Buy Lines: To the administrator: SEWP isn't spoiled

Dear Office of Federal Procurement Policy administrator: Don't change a good thing.

We've all read about your "agonizing" pending decision regarding governmentwide acquisition contract authority for the NASA Scientific and Engineering Work Station program.

We know the position of Lurita Doan, administrator of the General Services Administration. She adamantly opposes recertifying SEWP as a governmentwide acquisition contract.

Here's an industry point of view from someone whose company also has responded to the SEWP IV solicitation, a full-and-open competition procurement, now in the blackout phase.

Many of us are puzzled as to why the SEWP debate has become an either/or decision. Marty Wagner, deputy commissioner of the Federal Acquisition Service. described the schedules program as the crown jewel of GSA. I couldn't agree more.

Schedules, as a government source of supply, trump other commercial sources such as agency indefinite-delivery, indefinite-quantity contracts. Schedules have higher interagency contracting authority than IDIQ contracts, regardless of whether the IDIQ contract is operating across agencies under authority of a GWAC or the Economy Act. Thus, from a statutory authority perspective, GSA's picking on SEWP is like Goliath picking on David.

So why has GSA failed to leverage more fully the unique power of its schedules program to give agencies easier, more direct ways to buy products and services? Is GSA is still hoping to rebuild its assisted services business?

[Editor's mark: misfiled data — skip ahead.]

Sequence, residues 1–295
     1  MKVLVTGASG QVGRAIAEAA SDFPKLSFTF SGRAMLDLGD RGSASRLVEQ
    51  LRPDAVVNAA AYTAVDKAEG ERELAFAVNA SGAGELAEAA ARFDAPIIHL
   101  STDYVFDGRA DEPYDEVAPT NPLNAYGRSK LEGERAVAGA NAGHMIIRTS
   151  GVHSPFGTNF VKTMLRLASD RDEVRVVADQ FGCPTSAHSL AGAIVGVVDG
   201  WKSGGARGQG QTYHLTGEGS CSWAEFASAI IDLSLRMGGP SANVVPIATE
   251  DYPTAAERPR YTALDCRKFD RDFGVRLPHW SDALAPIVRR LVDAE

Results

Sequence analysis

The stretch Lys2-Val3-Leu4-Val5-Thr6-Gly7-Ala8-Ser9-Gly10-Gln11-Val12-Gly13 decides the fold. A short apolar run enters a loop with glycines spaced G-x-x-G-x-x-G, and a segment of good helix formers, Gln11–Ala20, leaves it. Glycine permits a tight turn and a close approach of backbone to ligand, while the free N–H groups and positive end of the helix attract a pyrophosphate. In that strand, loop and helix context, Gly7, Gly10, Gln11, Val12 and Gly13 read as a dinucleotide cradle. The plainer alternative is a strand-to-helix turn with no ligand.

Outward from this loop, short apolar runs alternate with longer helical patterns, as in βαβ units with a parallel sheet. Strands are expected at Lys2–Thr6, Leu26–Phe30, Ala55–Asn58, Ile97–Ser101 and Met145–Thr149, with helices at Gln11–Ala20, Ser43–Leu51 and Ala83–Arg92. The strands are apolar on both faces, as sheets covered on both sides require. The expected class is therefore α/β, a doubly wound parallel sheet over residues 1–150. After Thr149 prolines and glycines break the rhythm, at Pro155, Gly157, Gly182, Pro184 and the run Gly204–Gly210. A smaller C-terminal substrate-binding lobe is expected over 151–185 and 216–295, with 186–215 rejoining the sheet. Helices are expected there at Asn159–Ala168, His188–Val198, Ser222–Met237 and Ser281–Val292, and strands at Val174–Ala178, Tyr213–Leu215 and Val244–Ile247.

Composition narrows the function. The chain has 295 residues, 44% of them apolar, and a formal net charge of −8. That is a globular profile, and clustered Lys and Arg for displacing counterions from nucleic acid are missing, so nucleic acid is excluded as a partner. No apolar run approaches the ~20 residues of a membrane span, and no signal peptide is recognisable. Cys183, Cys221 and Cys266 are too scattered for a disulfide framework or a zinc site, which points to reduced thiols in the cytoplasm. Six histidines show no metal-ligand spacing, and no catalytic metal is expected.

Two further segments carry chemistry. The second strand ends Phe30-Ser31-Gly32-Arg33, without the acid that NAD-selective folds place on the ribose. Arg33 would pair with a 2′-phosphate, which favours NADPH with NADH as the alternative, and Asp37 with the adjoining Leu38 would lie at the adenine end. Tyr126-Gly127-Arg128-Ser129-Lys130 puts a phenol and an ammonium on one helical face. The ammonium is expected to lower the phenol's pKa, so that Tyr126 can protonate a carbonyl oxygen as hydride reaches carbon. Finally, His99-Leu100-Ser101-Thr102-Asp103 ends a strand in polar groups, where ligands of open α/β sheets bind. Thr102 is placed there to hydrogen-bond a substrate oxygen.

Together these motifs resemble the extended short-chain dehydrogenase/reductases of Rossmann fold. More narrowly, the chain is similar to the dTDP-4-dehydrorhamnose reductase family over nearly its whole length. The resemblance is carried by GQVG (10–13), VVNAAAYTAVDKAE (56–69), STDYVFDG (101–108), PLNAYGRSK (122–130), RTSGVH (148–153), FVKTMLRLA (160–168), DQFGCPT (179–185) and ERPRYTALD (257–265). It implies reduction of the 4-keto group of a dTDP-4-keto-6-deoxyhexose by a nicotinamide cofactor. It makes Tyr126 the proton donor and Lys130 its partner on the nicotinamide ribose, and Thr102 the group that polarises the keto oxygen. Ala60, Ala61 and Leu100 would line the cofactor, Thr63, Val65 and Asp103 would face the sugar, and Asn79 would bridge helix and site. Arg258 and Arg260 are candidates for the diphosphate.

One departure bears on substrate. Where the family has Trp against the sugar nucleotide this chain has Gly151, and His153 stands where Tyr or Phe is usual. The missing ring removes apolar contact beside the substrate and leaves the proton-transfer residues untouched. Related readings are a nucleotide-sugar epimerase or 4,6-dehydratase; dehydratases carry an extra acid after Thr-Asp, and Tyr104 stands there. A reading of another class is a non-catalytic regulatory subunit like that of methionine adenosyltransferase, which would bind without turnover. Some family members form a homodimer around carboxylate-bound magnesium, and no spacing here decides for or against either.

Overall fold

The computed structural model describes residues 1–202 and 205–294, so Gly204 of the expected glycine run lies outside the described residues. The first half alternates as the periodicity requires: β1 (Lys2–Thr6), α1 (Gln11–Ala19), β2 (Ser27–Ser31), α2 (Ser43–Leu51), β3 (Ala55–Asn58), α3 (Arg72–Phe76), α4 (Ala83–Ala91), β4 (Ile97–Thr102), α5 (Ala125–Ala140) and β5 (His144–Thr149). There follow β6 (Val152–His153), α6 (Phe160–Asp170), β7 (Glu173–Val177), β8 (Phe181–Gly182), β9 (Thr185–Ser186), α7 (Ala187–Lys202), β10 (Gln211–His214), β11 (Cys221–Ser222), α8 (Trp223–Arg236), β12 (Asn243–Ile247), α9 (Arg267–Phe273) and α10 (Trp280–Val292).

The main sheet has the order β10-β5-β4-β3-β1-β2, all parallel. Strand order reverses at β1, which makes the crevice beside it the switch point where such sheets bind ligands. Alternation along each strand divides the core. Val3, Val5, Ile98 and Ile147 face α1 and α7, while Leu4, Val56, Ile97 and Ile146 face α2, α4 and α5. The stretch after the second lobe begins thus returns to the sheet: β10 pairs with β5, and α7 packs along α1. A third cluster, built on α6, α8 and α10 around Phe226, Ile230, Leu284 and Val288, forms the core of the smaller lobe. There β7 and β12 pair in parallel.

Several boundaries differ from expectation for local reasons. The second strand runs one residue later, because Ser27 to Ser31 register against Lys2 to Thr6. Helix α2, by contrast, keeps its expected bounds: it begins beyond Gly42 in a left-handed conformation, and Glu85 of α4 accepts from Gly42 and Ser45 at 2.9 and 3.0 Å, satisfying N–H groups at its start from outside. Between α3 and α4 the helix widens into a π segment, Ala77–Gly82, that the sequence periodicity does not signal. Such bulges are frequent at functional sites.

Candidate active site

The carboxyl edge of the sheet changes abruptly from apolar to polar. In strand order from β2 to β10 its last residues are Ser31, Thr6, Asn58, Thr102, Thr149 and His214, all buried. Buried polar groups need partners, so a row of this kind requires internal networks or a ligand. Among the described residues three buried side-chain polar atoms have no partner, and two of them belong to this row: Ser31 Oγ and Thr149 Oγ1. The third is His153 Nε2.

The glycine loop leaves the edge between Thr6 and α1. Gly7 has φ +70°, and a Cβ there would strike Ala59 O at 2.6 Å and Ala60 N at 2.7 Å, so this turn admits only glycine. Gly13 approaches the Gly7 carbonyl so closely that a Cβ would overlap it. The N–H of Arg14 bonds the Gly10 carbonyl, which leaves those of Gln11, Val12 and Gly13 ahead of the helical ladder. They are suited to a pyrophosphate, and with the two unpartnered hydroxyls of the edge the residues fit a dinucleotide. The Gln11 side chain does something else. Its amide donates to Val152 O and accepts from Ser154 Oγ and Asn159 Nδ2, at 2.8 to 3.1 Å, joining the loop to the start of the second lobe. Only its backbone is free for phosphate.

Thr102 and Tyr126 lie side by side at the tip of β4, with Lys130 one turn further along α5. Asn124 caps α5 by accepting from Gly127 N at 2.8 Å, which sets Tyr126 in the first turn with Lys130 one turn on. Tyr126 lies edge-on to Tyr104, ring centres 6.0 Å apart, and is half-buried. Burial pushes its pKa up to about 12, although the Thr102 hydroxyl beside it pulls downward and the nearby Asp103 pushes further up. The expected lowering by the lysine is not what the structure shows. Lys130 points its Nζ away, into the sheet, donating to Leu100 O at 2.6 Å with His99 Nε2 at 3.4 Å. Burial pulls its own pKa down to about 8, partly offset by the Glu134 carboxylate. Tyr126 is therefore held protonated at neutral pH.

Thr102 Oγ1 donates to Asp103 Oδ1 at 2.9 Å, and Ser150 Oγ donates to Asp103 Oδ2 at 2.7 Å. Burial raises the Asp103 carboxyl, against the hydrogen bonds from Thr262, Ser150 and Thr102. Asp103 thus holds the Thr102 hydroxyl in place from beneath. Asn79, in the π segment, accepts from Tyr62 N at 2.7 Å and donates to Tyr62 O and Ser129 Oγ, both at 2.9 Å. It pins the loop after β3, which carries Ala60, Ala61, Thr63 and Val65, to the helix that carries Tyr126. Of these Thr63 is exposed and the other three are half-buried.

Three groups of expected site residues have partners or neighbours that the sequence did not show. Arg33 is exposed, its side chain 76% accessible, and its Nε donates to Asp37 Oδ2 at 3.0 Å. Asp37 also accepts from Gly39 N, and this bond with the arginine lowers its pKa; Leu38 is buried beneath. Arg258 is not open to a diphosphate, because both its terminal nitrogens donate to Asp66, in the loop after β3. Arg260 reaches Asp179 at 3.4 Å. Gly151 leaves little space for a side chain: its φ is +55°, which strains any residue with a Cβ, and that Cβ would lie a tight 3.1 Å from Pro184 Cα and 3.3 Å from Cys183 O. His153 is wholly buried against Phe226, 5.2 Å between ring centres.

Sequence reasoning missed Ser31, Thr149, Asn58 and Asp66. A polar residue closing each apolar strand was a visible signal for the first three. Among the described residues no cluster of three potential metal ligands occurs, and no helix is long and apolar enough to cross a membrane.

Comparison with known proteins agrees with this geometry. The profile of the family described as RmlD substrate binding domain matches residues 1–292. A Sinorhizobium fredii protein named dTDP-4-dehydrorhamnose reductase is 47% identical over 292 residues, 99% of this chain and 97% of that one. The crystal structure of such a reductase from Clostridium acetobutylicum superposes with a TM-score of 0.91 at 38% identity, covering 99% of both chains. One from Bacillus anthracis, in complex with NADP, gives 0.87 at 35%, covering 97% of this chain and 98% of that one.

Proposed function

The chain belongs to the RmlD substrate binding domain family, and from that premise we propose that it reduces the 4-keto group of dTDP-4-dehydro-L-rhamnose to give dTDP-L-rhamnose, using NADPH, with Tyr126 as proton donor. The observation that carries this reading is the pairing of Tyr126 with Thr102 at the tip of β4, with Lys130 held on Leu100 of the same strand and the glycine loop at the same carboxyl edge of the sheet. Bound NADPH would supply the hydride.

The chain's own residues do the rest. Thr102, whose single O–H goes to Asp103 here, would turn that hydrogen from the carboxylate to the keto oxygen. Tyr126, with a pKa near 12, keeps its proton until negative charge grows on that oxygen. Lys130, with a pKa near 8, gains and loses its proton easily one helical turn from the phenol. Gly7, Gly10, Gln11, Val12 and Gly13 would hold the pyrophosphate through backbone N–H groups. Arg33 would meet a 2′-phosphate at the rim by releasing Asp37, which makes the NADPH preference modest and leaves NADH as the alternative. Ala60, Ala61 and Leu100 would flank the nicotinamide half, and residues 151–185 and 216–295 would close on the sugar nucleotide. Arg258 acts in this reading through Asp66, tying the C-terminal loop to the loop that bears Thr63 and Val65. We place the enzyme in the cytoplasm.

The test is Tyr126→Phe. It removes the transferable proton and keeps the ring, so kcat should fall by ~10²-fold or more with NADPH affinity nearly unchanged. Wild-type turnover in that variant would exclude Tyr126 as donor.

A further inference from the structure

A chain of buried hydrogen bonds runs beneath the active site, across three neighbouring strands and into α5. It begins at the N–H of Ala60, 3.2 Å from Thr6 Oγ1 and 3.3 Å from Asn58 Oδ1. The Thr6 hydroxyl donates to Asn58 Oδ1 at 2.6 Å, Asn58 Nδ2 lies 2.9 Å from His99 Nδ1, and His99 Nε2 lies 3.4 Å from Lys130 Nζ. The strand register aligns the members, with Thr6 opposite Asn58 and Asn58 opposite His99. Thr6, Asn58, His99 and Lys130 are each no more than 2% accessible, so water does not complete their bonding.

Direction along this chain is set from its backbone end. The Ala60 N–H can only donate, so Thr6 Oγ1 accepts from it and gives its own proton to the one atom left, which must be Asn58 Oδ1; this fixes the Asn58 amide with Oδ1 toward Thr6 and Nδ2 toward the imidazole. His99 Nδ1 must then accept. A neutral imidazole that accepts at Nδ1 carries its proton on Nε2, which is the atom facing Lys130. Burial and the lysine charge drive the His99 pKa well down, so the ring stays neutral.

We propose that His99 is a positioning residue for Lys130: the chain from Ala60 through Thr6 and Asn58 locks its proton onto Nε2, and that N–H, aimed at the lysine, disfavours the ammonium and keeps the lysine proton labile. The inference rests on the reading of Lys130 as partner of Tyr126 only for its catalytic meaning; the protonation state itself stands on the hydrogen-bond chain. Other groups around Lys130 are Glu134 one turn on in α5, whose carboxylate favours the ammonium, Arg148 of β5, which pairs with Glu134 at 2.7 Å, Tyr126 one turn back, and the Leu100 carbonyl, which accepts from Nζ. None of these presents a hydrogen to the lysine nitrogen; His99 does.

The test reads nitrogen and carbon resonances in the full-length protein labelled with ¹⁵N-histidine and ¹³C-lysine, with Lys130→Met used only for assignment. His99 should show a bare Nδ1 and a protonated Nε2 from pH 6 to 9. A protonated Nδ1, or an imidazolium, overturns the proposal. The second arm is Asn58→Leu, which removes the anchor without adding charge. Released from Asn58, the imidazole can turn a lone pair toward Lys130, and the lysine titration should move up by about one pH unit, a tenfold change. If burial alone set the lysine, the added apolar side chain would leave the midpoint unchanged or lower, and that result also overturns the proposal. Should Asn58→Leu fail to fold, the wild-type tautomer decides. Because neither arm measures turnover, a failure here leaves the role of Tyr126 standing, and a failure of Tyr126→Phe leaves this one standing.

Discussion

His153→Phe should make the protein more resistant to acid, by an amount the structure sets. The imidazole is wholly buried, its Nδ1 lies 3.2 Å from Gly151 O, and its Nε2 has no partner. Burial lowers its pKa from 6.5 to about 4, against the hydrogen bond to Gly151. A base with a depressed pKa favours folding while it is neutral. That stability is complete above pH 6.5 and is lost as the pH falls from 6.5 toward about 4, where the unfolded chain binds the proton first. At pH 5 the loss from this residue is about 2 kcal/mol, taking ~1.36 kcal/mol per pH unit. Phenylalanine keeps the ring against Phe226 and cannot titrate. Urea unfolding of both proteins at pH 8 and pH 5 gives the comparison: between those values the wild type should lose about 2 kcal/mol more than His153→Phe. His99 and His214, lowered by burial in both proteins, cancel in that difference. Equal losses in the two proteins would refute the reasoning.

Ever since the appropriators and oversight community became focused on fiscal law enforcement, there are precious few reasons for an agency to send money to GSA. It takes less time to place an order directly with a contractor holding a GSA schedule contract.

The Office of Federal Procurement Policy should urge GSA to dust off its crown jewel and give it the pre-eminent position it deserves. Direct order and direct invoice are the future.

GSA had it right in the mid-1990s when it promoted schedule contracts and schedule-based blanket purchase agreements as streamlined vehicles for products and services, both commodity and complex. Back then, schedule-based blanket purchase agreements displaced many agency IDIQ programs because, even for strategic sourcing, they can be structured to work better on many levels than a multiple-award IDIQ contract.

Use the concerns over interagency contracting and vehicle proliferation to examine those agency IDIQ programs that don't have GWAC authority. Many multiagency contracts quietly operate under the Economy Act, seemingly oblivious to the legal significance of the strict determination and finding that the act requires for each order.

Herein lies GSA's opportunity to reinvent itself for the next 10 to 15 years. GSA must get organized to compete aggressively against agency IDIQ contracting programs by offering schedule-based contracting solutions across all commodity categories, not just IT.

Furthermore, it needs to improve dramatically its eTools and facilitate direct contractor interfaces with agency procurement systems for online procurement and back-end reporting.

Trying to regain revenue by obstructing SEWP is a mistake. SEWP is a successful program by any measure, and it has been a godsend at times when GSA couldn't keep its contracts current. It has operated properly and successfully as a GWAC within the authority granted by Congress in 1996 under the Clinger-Cohen Act. It deserves to continue under this authority, just as GSA and its schedules program deserve to continue under the authority of the Federal Property and Administrative Services Act of 1949 (as amended). May the best vehicle win, order by order.

Steve Charles is co-founder of immixGroup, a government business-consulting firm in McLean, Va. E-mail him at Steve_Charles@immixgroup.com. immixGroup ranks No. 65 on the Washington Technology 2006 Top 100.

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